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E-Government Act of 2002 (HR 2458)

From: Eliot Christian <echristi@usgs.gov>
Date: Thu, 28 Nov 2002 08:40:23 -0500
Message-Id: <>
To: gils@cni.org, state-gils@yahoogroups.com

The E-Government Act of 2002, enrolled as HR 2458, contains
a variety of specific provisions relevant to information
discovery and interoperability. The thrust of the law is
clearly meant to accelerate the ongoing work that many of
you pioneered, and meshes nicely with recent developments
in standards arenas. Although the U.S. Federal GILS law in
Title 44 Section 3511 is not directly affected, I see many
opportunities to promote common interoperability solutions
along the lines of what we've been pursuing.

Here are some specific highlights, as I read the law:

Section 207 calls for the establishment of an "Interagency
Committee on Government Information". Within two years, the
Committee is to recommend standards for the categorization
of Government information in a way that is searchable
electronically and interoperable across agencies. At the
same time, the Committee is recommend policies and procedures
regarding public access to Government information on the
Internet and other electronic records. Within a year after
Committee recommendations are made, the Office of Management
and Budget (OMB) and the Archivist of the United States are
to issue Federal policy requiring compliance and laying out
specific schedules for initial implementation.

Section 207 also requires OMB, within two years, to provide
guidance for agency websites in several specific respects.
Agencies are required to determine which Government information
will be accessible to the public on the Internet and by other
means and when such accessibility will occur. The determinations
and schedules are to be posted for public comment on the Internet
as well as being submitted to OMB. In the same two years, OMB
and the agencies are to collaborate on a public domain directory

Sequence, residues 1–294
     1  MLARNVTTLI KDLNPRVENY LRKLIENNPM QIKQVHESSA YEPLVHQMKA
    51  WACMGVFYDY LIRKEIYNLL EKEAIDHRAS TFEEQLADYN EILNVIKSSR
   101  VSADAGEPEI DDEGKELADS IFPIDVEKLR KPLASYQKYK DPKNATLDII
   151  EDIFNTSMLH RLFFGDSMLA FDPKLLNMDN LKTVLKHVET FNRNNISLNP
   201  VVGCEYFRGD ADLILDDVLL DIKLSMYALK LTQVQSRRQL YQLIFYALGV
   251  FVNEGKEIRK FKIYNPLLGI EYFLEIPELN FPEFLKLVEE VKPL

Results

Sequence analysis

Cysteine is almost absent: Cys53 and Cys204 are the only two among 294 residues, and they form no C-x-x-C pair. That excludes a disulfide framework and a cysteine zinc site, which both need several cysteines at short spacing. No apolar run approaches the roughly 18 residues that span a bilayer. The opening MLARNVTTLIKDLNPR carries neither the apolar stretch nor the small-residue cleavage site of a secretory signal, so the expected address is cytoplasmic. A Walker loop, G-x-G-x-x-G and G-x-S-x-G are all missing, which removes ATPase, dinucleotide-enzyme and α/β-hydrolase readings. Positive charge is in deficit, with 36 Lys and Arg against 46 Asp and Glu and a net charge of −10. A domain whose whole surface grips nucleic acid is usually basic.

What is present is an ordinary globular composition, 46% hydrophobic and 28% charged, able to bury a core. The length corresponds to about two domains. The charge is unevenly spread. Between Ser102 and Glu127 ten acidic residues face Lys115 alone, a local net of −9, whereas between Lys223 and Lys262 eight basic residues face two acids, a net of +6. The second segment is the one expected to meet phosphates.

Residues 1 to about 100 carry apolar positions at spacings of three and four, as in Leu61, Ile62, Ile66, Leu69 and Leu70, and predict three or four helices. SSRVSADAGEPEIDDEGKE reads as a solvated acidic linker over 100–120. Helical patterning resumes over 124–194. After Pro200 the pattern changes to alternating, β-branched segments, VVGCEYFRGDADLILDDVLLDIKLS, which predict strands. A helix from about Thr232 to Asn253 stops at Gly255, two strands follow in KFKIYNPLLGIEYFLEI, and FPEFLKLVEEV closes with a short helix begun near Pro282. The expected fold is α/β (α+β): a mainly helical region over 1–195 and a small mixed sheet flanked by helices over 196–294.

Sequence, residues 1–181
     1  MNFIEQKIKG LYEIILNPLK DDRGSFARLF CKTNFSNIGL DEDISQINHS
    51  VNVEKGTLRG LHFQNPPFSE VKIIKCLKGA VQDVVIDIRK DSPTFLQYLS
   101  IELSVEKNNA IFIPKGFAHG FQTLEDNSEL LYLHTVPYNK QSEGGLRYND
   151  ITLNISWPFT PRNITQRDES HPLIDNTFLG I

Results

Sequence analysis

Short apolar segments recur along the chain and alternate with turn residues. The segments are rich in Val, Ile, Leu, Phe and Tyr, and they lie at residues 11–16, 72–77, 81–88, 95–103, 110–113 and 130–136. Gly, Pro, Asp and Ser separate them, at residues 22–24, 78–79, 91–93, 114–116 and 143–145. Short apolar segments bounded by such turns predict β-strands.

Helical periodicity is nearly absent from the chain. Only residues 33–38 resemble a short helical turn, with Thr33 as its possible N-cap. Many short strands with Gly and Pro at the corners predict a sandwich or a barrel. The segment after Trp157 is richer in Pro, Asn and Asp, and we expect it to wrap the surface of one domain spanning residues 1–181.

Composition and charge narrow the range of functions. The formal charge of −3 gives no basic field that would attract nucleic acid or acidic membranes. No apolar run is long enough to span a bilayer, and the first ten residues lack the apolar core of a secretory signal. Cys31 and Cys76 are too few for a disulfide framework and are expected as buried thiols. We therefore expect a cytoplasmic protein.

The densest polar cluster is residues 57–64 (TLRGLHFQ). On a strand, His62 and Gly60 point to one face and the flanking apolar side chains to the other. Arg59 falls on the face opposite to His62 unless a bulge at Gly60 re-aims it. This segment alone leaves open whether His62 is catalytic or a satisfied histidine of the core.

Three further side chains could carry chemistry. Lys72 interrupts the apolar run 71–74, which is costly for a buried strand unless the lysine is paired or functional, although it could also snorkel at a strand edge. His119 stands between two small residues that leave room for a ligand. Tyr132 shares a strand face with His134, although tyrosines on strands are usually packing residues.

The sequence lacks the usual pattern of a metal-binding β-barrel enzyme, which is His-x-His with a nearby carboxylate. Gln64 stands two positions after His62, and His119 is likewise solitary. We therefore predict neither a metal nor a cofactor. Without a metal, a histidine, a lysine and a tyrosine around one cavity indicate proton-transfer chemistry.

of public Federal Government websites, including a public domain
taxonomy of subject categories. This directory building effort
is to include input from librarians, information technology
managers, program managers, records managers, and other
interested parties. Also, Sub-section 207(g) requires OMB and
the Office of Science and Technology Policy (OSTP) to establish
a government-wide repository that compiles information about
Federally funded research and development.

Section 212 directs OMB, within three years and in consultation
with agencies, the regulated community, public interest
organizations, and the public, to study and report to Congress
on progress toward integrating Federal information systems
across agencies. The study is to address the integration of data
elements used in the electronic collection of information and
the feasibility of software tools for assembling, documenting,
and validating the information. It is also to address the
feasibility of a distributed information system that provides
public access to information integrated across participating
agencies. This data integration study effort is to be informed
by a series of no more than 5 pilot projects.

Section 214 requires a research and implementation strategy
on using information technology to enhance crisis preparedness,
response, and consequence management of natural and manmade

Section 216 codifies under law the long-standing and on-going
work of the Federal Geographic Data Committee in facilitating
the development of common protocols for the development,
acquisition, maintenance, distribution, and application of
geographic information.

Eliot Christian echristi@usgs.gov  1-703-648-7245 FAX 1-703-648-7112
US Geological Survey, 802 National Center, Reston VA 20192
Received on Thursday, 28 November 2002 08:56:03 UTC

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